|PRINT ISSN : 2319-7692
Online ISSN : 2319-7706
Issues : 12 per year
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Index Copernicus ICV 2015: 85.95
NAAS RATING 2017: 5.38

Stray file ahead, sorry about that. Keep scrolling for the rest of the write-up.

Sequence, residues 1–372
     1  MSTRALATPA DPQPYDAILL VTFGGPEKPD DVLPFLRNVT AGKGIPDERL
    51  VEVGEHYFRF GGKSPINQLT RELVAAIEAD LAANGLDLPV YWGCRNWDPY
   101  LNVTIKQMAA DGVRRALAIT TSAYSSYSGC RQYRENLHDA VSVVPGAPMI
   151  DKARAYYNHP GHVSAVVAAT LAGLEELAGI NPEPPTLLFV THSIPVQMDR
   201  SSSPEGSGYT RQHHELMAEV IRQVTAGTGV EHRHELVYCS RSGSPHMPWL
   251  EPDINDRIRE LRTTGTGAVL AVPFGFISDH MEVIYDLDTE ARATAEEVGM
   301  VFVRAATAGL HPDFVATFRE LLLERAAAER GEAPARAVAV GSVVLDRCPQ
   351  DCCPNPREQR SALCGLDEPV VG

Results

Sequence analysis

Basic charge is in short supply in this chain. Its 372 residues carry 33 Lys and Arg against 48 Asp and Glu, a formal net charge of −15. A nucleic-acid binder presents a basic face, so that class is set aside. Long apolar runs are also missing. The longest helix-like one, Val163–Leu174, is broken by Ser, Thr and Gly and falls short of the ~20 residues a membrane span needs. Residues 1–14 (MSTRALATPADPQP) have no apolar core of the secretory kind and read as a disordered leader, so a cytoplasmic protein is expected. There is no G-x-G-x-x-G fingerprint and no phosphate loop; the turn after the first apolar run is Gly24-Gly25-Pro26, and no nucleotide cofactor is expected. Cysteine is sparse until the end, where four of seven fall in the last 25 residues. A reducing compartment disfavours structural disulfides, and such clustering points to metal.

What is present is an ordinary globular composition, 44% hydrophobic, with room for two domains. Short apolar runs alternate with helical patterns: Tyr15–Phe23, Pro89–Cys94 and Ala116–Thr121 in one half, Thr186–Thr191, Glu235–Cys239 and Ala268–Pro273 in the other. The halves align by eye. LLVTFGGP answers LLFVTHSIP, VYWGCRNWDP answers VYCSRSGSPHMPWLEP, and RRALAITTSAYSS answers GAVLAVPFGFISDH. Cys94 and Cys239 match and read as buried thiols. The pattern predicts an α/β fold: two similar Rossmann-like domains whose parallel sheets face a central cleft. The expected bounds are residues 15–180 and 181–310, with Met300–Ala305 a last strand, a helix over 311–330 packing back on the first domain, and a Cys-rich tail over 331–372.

Seed spices occupy prominent place in the total basket of spices of the country and play a significant role in our national economy. The group of spices account for about 37 per cent and 18 per cent of the total area and production of spices in the country, respectively. Fennel (Foeniculum vulgare) commonly known as ‘Saunf’ is an important and highly valued spice grown in India. This crop is widely grown throughout the temperate and subtropical region of the world for its aromatic fruits used in various food preparations such as soups, meat dishes, sauces, pastries, confectionaries, pickles, liquors etc. The fennel seeds are aromatic, stimulants and carminative. Rajasthan is the third largest producer of spices in the country and accounts for 12.48 % of the total production of major spices. The major fennel producing districts of Rajasthan are Nagaur, Sirohi, Jalore, Dausa, Tonk, Sawai Madhopur and contribute above 90 per cent of area and production of fennel crop. Fennel is an important commercial cash crop of arid and semi arid region. There is a wide scope to improve and increase the fennel production and productivity by enhancing the knowledge and adoption of fennel production technology. The present study was conducted in eight villages (four villages from Mertacity tehsil and four villages from Degana tehsil) in Nagaur district of Rajasthan. A sample of 120 fennel growers was selected from these selected villages by using simple random sampling with proportion sample method. The results indicated that 28.33 per cent of the total respondents were in the medium level of adoption group, whereas 24.17 per cent respondents were in low adoption group and remaining 47.50 per cent fennel growers were be observed in the category of high level of adoption about fennel production technology. It was also observed that the extent of adoption among marginal farmers ranged from 57.50 to 100.0 per cent, whereas in case of small farmers and large farmers it was from 76.88 to 100.00 and 65.00 to 100.00 per cent in all the practices of fennel production respectively. Further, it was observed that large and small farmers had comparatively more extent of adoption than marginal farmers.